Essentially, several polymers and polymer resins are known to be used in the designing of urea controlled release fertilizer (CRF) formulations including acrylamide, urethane resin, epoxy resin, alkyd resin, unsaturated polyester resin, phenol resin, urea resin, melamine resin, phenol resin, and silicon resin along with a good number of natural biopolymeric materials such as chitosan which has been used in this study [10]. To the best our knowledge, no attempts have ever been done to design urea CRF formulations by using copolymerization of chitosan and acrylamide along with silicone doping. In that case, we have described in this paper the preparation of urea CRF formulation as an approach to controlled release systems (CRSs) using simple and inexpensive starting materials including silicone oil, chitosan biopolymer, acrylamide, and urea synthetic fertilizer.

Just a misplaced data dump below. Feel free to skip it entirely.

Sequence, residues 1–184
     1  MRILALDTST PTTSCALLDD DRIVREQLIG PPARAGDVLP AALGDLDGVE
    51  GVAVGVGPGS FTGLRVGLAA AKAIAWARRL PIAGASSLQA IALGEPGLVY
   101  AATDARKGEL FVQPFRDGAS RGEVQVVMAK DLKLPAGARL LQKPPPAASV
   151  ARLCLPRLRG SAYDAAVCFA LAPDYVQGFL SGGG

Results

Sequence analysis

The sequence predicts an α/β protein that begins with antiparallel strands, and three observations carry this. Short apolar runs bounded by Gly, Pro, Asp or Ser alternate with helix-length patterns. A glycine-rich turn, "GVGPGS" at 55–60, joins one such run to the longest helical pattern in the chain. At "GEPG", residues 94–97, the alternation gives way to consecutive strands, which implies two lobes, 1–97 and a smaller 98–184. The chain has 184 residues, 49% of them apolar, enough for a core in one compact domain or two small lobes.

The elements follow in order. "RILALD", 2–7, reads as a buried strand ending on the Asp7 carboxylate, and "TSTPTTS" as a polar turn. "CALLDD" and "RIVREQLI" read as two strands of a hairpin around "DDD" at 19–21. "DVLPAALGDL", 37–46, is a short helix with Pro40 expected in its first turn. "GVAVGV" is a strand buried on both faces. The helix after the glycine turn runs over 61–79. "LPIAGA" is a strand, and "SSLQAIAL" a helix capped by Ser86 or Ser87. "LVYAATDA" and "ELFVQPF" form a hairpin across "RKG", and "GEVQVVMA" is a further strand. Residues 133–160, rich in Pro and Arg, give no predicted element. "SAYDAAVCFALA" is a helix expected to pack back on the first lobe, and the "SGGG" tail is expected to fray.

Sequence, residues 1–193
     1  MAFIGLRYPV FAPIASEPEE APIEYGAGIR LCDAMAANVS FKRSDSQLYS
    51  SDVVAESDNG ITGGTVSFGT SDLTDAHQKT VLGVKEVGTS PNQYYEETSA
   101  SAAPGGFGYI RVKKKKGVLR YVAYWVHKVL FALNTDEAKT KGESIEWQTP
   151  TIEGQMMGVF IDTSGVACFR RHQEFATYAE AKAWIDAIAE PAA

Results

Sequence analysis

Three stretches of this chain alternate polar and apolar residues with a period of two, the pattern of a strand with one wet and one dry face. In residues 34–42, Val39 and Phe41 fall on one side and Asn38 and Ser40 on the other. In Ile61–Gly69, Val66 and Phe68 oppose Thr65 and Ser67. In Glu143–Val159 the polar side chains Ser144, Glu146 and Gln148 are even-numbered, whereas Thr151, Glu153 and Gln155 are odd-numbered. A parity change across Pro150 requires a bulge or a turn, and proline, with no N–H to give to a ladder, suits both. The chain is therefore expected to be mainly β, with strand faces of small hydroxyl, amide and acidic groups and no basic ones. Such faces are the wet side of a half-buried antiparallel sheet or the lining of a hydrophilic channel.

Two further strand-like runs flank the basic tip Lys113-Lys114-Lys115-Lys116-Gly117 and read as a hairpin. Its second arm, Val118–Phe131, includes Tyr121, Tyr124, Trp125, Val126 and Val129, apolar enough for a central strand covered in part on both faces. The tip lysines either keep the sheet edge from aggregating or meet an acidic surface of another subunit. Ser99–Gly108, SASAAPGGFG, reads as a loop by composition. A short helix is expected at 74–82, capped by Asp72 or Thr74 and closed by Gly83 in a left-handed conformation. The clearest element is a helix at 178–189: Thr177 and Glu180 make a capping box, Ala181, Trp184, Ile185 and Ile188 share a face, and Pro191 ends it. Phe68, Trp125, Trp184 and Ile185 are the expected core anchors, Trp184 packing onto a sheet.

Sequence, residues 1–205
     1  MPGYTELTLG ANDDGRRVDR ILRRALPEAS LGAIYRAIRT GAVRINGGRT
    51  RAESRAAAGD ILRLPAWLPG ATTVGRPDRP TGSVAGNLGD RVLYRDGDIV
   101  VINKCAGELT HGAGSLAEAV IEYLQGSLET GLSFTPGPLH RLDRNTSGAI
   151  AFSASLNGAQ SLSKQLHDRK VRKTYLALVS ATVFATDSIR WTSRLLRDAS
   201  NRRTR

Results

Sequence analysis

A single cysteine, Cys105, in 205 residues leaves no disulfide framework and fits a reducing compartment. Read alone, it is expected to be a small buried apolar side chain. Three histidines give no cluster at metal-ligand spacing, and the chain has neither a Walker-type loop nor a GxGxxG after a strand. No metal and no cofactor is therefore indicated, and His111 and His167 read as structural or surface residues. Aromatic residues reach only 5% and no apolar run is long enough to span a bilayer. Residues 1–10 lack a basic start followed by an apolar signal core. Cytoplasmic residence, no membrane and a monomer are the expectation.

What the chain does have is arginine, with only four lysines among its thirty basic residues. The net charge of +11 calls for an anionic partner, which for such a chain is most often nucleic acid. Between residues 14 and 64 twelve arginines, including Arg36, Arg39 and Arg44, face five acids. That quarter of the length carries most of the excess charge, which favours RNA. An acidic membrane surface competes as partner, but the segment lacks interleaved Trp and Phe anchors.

Chitosan was used in this study owing to its inherent properties such as high swelling ratio [11], water-retention capacity [12], antimicrobial activity, availability, low toxicity, biodegradability, capability for high cross-linking, and low processing cost [1315]. Also, the nanoparticles resulting from chitosan are known to exhibit spherical shapes and uniform sizes [16]; similarly, the complexes formed between chitosan with other bioactive species (urea in our context) along with other polymers are known in modifying the release characteristics of the named CRSs formulated [17]. On the other hand, we have stated elsewhere [10] that “polyacrylamide is known to reduce soil erosion” and also it is biodegradable [18, 19]; thus polyacrylamide was chosen to be used along with chitosan in the urea copolymerization process.